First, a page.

Forget compliance. Embracing regulatory technology is an investment in the sustainability and relevance of your business.
Licensees and advisers alike struggle to reconcile compliance, productivity, liability and expense control. It’s a difficult balancing act, but, in a complex and highly regulated market, doing so well is essential for maintaining a successful and sustainable advice business.
Given the recurring, systemic and profound licensee failures paraded in the press, it’s curious that most coverage ignores the “capacity” of the licensees themselves. While advisers are pressed to adopt new systems, improve compliance and embrace professionalism, licensees clung to manual reporting, multiple spreadsheets and myopia.
This passivity is negligent and unsustainable. As ASIC Chairman Greg Medcraft acknowledged at the 2017 ASIC Conference, “regulatory changes and technological developments are fundamentally changing industries”.
Understand that neither licensees nor financial advisers are insulated from these forces.
Simply, regulatory technology ('RegTech') allows advice businesses “to manage compliance risks before ASIC arrive”. Unfortunately, the inordinate and relentless focus on vertical integration, adviser conduct and professionalism has distracted licensees’ attention from recognising their own limited capacities.
Most licensees have been slow to recognise that effective regulatory supervision is data-driven and that ASIC’s appetite for granular and contextual data will only increase over time. Others, identifying the threats posed by complexity and technology, have invested significant resources in silver-bullet solutions that are far more expensive, and far more limited than their publicity suggests.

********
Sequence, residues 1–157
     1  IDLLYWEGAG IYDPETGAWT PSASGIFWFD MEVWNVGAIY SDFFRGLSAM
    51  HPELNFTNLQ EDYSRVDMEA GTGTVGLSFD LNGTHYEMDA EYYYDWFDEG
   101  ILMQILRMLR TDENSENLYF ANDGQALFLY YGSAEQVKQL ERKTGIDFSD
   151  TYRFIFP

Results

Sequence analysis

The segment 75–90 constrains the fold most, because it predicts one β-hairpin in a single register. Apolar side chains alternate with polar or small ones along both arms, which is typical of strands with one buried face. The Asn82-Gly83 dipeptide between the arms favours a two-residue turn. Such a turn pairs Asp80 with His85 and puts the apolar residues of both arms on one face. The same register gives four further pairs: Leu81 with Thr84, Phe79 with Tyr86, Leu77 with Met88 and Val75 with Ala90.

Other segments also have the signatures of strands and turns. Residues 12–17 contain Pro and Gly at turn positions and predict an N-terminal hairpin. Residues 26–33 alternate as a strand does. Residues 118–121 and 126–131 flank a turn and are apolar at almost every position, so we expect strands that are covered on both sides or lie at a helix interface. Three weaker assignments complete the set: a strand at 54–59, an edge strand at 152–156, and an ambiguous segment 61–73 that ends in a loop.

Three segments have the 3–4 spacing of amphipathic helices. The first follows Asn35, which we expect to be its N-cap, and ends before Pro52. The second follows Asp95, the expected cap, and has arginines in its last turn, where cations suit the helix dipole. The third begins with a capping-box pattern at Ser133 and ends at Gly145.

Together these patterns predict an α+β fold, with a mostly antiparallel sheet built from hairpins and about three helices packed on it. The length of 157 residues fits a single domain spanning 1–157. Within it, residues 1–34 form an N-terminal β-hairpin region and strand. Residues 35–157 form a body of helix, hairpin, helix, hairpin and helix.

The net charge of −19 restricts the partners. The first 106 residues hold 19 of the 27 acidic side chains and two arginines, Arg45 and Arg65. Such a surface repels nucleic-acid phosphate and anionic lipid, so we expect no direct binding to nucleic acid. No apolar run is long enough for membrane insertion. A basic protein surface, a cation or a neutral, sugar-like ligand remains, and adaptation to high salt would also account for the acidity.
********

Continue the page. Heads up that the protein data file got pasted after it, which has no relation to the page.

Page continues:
Smart advisers, in contrast, have recognised that regulatory technology is a critical investment for any advice business that aspires to scale. The companies with whom we work have seen how RegTech simplifies and standardises compliance measures, eliminates redundancies and frees licensees to focus their limited resources more intently on growth.
Until the publication of ASIC Report 515, few participants acknowledged that traditional approaches to managing compliance needed to be abandoned before those that rely on these traditions collapse. Even in the face of reality, some licensees still cling to the “solution” promised by investing in internal compliance teams and engaging large consulting firms. Surely, there have been enough recent examples of well-resourced compliance failures to suggest that there must be better ways for licensees to manage “compliance” than by increasing staff numbers, limiting their productive capacity and eroding their profitability.
Regulatory technology, underpinned by local expertise, is the better and more effective solution.
You are operating in an environment of increasing complexity and increasing liability so the commercial benefits of adopting RegTech are profound; it provides you with a scalable and agile solution that delivers increased efficiency, increases profitability and releases capital and resources otherwise committed to less productive uses.
Even more importantly, it provides you with data and insight that improves your capacity to understand and manage your business. Just don’t confuse data with insight. As Deloitte recognised in their 2016 report, “data is meaningless unless it is organised in a way that enables people to understand it, analyse it and ultimately make decisions to act upon it”.
The regulators’ expectations, and the international trends, are clear. Regulators understand that technology can both help the businesses they regulate to improve their services while increasing the regulator’s capability to effectively supervise participants. Regulators also understand that RegTech doesn’t require either complex IT infrastructure or block-chain enabled machine learning. Scalable, shared utilities that measure compliance, facilitate benchmarking and provide real-time reliance are already widely available. In Australia at least, the available RegTech solutions front-run the industry’s appetite for these solutions but tastes change.
Make no mistake. Monitoring, supervising and regulating is becoming increasingly data driven. The international trends and ASIC’s expectations are clear. For better, or worse, your investment in regulatory technology and better data will soon be more important for maintaining a sustainable business than your structure, remuneration model and ownership.
Sean Graham is the director of strategy and sales at Open AFSL
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